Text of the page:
Historic mug shots of the famed civil rights campaigners known as the Freedom Riders have been brought back to life through colorization.
The photos, which have been delicately restored and transformed, depict a number of the Freedom Riders in police mug shots after being arrested for a variety of offenses while fighting for civil rights causes in the 1960s.
The Freedom Riders were formed on May 4, 1961, by a group of six black and seven white civil rights activists.
The group traveled together on public buses from Washington DC to America’s deep south where white members would attempt to enter black only areas and vice-versa in order to challenge segregation in the region.
Now-Congressman John Lewis was among the group of original Freedom Riders and was the first to be assaulted by people who opposed their movement.
Two men attacked him as he tried to enter a whites-only waiting room in Rock Hill, South Carolina, battering his face and kicking him in the ribs.
Two weeks later, Lewis, who was 21 at the time, joined a Freedom Ride to Jackson.
On May 14 the Riders were confronted by hundreds of white nationalists in Alabama who proceeded to bomb one of the buses and brutally beat the Freedom Riders.
The group’s actions received a large amount of national and international interest, drawing hundreds of new Freedom Riders to the cause.
Upon reaching Jackson, Lewis was arrested on May 24, 1961, for trying to use a whites-only restroom.
Another Rider, David Kerr Morton, was arrested at the bus depot in Jackson, Mississippi, for deliberately attempting to order a meal in the ‘negro’ section, in defiance of the segregation laws of the time.
Joan Trumpauer Mulholland was also one of those arrested and spent two months on death row in the fearsome Parchman Penitentiary for her part in one of the movement’s rides.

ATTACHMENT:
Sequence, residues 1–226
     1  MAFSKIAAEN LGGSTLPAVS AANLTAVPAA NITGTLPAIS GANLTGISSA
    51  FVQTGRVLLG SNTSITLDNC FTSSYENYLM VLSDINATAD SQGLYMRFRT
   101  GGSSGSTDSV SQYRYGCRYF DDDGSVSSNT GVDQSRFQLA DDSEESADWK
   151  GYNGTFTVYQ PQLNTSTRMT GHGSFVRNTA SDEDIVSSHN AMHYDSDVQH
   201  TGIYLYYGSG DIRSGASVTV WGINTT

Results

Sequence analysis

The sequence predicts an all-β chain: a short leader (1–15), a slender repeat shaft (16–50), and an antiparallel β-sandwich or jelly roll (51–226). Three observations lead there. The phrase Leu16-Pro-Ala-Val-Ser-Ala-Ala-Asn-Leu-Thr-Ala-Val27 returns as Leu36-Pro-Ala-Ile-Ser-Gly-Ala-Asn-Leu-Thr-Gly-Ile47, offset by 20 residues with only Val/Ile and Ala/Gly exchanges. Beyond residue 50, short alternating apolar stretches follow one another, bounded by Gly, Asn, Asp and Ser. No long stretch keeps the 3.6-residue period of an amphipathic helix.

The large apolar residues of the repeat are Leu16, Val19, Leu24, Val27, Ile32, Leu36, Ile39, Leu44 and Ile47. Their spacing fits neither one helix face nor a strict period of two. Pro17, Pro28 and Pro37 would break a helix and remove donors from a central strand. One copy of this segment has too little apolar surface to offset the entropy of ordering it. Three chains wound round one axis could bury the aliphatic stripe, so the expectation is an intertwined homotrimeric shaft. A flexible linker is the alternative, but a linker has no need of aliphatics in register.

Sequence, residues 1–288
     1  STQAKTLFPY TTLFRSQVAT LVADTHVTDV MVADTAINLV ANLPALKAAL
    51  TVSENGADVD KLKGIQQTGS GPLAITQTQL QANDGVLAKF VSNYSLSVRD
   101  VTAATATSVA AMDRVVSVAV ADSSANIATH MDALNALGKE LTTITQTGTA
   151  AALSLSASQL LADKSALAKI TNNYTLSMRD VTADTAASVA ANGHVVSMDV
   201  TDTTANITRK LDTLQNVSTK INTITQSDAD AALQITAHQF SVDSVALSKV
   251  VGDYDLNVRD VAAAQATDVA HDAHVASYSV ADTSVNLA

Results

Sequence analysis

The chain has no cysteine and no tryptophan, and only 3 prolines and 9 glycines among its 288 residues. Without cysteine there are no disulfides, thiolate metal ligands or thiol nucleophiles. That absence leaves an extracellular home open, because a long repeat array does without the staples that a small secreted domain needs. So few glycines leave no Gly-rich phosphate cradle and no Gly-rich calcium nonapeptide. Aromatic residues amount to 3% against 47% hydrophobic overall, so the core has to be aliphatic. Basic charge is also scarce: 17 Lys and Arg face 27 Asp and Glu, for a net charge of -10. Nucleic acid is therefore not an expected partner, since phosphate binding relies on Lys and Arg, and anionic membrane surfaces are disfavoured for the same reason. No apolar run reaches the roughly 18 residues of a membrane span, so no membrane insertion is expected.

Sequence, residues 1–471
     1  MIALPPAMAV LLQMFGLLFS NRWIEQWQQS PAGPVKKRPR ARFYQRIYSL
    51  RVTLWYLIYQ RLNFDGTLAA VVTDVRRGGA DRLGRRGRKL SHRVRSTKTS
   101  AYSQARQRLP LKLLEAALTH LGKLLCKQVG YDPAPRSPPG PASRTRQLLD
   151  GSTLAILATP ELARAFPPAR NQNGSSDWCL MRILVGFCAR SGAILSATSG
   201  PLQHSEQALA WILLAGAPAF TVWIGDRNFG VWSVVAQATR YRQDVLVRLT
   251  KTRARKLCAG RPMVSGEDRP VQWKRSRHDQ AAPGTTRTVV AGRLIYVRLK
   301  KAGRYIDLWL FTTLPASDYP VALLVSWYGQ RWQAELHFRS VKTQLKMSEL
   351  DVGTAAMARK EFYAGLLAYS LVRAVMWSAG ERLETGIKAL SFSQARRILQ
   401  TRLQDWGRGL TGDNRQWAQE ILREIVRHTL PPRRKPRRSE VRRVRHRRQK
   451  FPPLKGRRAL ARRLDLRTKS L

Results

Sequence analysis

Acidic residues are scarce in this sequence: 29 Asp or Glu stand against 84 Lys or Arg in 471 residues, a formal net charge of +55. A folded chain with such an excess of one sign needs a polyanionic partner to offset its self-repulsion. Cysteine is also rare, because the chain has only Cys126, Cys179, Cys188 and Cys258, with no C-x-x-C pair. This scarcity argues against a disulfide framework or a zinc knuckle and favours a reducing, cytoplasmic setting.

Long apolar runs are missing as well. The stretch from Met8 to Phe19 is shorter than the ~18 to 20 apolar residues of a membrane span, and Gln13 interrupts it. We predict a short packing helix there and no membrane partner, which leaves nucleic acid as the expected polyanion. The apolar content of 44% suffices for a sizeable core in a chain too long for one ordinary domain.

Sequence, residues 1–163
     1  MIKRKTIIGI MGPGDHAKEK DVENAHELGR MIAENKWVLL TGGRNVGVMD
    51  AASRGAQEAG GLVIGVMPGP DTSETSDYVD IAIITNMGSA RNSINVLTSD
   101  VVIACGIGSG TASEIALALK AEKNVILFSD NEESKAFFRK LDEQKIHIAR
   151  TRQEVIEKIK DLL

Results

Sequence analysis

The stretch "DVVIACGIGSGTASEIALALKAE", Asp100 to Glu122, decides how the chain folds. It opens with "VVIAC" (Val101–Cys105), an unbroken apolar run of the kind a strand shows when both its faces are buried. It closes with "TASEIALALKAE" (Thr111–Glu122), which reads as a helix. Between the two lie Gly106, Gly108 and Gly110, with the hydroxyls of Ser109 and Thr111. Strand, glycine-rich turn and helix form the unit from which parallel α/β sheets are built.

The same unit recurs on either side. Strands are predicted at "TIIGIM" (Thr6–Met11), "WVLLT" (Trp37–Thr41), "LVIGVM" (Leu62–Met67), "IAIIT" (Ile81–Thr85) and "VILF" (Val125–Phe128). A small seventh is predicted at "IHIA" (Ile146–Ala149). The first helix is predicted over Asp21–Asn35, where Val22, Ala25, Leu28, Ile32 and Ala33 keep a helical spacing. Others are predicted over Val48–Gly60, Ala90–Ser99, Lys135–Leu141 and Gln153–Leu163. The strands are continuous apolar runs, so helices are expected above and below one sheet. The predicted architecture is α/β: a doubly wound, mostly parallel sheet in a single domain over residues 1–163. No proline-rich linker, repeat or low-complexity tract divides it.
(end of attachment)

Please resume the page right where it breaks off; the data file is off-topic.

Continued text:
The rides continued for the following months and under pressure from the Kennedy administration, the Interstate Commerce Commission issued new regulations prohibiting segregated transport facilities.
Many of the Freedom rides were sponsored by the Congress of Racial Equality (CORE), while others were organized by the Student Nonviolent Coordinating Committee (SNCC).
Nearly 75 per cent of the Riders were between 18 and 30 years old, and many were college students. A quarter were women, and about half of the Riders were black.
Their mugshots give a glimpse into the participants’ emotions following their arrest, with some showing defiance, pride and fear.
Lewis, who at the time had already taken part in sit-ins to desegregate lunch counters in Nashville, can be seen with a half smile on his face as police took his mugshot in Jackson.
Photographs of several Riders were restored and transformed into color by 39-year-old artist Matt Loughrey, from Westport in Ireland.
‘I think Joan’s photograph really examples innocence and resilience in a situation of total and utter chaos,’ said Loughrey. ‘But all their faces symbolize determination and resilience in the face of adversity, which was born out of racism.
‘These photos remind us that people before us paved a way forward through their sacrifice, they were judged willingly in order to combat racism, taking on a cultural divide despite being punished.
‘Even so, right now the world is awash with cultural divide, resentment and fear and we are still falling short in the areas of life that the Freedom Riders took on.’
Striking images like these are featured in British author Michael D. Carroll’s new book on the colorization of historical images.
SOURCE: Daily Mail, Kelly McLaughlin